Travis told police, after the incident, that the dog was acting aggressively, so he walked away from the home and to his service truck, where he retrieved his gun and shot the dog.
We can’t help but ask, once he was back in his truck, why didn’t he just drive away?
Is installing cable so important that gunning down a dog is preferable to coming back another day, perhaps one when the neighbors have been called and asked to keep their dog inside?
To consider this a killing that occurred in the “line of duty” is a joke.
But somehow, a jury saw clear to acquit him of the charge the prosecutor’s office filed — animal killing/ torturing, a felony that carries a maximum penalty of four years in prison.
The Monroe News reports that the jury deliberated about an hour before rendering their verdict.
“This has revived my faith in the criminal justice system,” said Marlon B. Evans, the Detroit lawyer who represented Travis. “… He was at work, doing his job and he had a right to defend himself.”
Monroe County Assistant Prosecutor Ronald Benore Jr. called six witnesses to testify in the one and a half day trial, and argued that Travis overreacted and shot the dog unnecessarily.
“The jury must have believed he was in fear of his life or in danger,” Benore said.
The dog’s owners, Brian and Melissa Doran, said they were shocked at the verdict.
Cleo was never aggressive and was merely trying to greet Travis, they added.
We won’t second guess the jury (much), but we will second guess the cable guy: Once he returned to his vehicle to get his gun (which he has a license to carry), why didn’t he just remain inside and make a call, or drive off?
(Photo courtesy of the Doran family)
Posted by John Woestendiek June 10th, 2015 under Muttsblog.
Tags: acquitted, animals, cable, cable guy, cable guy kills dog, chocolate lab, dog, dogs, gun, guns, handguns, jury, killed, line of duty, michigan, monroe county, on duty, pets, shot, trial
Lawyers for a Baltimore police officer who slit the throat of a sharpei on a city street in June tried to put a new spin on his actions in court last week, entering a not guilty plea and suggesting Officer Jeffrey Bolger was heroically trying to save the unborn child of the pregnant woman the dog had bitten.
Fortunately, the judge didn’t immediately buy it, and declined a request from defense lawyers to dismiss the animal cruelty charges filed against Bolger.
The pregnant woman, meanwhile, is calling bullshit.
“Don’t try and make yourself a hero when you made a grave mistake,” she said in a a radio interview last week, after Bolger’s initial court appearance. “Try and say I’m sorry.”
In court on Thursday, lawyers for the 22-year veteran of the police force said Bolger was “legally authorized” to kill the dog, named Nala, and that he was acting to protect the unborn child of a woman the dog had bitten.
He entered a not guilty plea to two counts of animal mutilation, one count of animal cruelty and one count of misconduct in office. Both Bolger, 49, and a second officer, who held Nala while Bolger slit her throat, have been suspended.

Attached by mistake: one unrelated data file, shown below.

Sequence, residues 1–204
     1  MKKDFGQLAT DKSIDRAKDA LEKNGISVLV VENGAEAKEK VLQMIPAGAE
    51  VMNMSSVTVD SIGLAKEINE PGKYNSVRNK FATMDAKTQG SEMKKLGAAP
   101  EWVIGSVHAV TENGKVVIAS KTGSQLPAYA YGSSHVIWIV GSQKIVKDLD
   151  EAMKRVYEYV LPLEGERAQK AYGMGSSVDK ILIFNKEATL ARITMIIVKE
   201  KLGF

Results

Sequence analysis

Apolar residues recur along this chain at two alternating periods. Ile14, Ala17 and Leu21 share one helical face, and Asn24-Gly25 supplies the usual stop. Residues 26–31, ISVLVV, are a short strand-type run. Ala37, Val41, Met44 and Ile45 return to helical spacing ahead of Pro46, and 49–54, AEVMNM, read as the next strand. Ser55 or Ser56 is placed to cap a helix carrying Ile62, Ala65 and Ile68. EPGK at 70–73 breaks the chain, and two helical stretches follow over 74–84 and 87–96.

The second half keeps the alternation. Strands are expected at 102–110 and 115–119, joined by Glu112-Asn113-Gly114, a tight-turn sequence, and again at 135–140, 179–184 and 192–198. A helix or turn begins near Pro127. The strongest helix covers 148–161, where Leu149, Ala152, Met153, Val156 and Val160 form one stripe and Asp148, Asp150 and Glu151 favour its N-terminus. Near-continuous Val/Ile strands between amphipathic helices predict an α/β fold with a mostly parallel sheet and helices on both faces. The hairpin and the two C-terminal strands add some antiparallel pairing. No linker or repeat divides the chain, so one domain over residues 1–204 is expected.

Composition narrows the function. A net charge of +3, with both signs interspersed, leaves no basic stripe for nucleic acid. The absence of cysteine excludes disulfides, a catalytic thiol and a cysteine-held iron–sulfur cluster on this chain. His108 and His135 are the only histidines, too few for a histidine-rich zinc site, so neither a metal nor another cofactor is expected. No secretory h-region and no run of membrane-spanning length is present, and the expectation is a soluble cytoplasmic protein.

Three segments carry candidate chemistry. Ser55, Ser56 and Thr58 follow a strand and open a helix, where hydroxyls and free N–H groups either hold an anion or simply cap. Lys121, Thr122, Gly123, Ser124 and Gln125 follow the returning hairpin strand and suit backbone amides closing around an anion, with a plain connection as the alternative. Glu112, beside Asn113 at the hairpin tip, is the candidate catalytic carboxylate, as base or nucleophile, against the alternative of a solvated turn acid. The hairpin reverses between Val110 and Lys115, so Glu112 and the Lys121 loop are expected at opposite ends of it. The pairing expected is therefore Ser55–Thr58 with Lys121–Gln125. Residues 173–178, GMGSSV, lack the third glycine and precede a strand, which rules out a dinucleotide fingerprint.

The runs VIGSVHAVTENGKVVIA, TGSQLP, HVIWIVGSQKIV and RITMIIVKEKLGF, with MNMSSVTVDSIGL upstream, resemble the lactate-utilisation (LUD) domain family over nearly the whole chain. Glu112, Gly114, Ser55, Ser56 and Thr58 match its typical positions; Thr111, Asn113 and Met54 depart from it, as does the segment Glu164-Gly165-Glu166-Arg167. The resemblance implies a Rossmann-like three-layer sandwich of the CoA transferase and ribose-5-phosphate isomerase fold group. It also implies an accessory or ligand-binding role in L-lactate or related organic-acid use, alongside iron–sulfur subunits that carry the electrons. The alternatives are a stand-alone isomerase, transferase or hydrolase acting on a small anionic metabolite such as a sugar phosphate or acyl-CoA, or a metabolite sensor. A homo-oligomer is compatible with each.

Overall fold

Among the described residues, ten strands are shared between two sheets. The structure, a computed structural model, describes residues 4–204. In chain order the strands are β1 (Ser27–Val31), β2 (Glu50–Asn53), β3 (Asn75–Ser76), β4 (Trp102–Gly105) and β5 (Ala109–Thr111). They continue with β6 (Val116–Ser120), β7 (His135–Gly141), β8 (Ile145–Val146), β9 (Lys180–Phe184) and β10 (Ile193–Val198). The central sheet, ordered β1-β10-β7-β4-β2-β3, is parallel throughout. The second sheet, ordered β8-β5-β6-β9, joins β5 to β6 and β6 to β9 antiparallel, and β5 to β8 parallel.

His attorney’s reasoning went like this: Had the dog escaped from police, the woman would have had to undergo a series of rabies shots, putting her baby at risk. Due to that, and the dangers the attorney said the dog posed to citizens nearby, Bolger made the decision to “euthanize” Nala in the safest manner possible.
“Bolger considered using his firearm, but he determined that there was too much danger of a ricochet bullet injuring bystanders,” his lawyers said. “Instead, he used his knife in a fashion intended to cause the dog the least amount of pain and place the public in the least amount of danger.”
What’s underplayed in attorney’s brief is that, when that decision was made, the dog had already been subdued with a catch pole.
The attorneys said Bolger and other officers struggled with the dog for more than an hour, the Baltimore Sun reported.
And they said Bolger didn’t say “I’m going to gut this (expletive) thing,” as some witnesses reported. Instead, they submit, he said he was going to have to “cut” the dog because of the lack of other available options.
Among those who found the attorney’s statements ludicrous was Sandy Fleischer, the pregnant woman who was trying to help the dog and keep police from harming her. She spoke out after the incident — and she did so again after Bolger’s hearing.
“To say that you were helping me and trying to save my life? I was there to help the dog,” Sandy Fleischer said. “I can’t believe they are using me for the defense.”
In an interview Thursday on WBAL Radio’s C4 Show, Fleischer said she was upset that the fact she was pregnant — something she confided only to the paramedic treating her — had made its way to police and into the courtroom.
Fleischer was nipped by the dog as she tried to get a look at her collar, so she could get in touch with the dog’s owner.
When she first recounted the incident on the radio show, months ago, Fleischer said the officers who first arrived on the scene used sticks to try and corral the dog, which only served to intensify the situation. She said officers calling the dog a pit bull.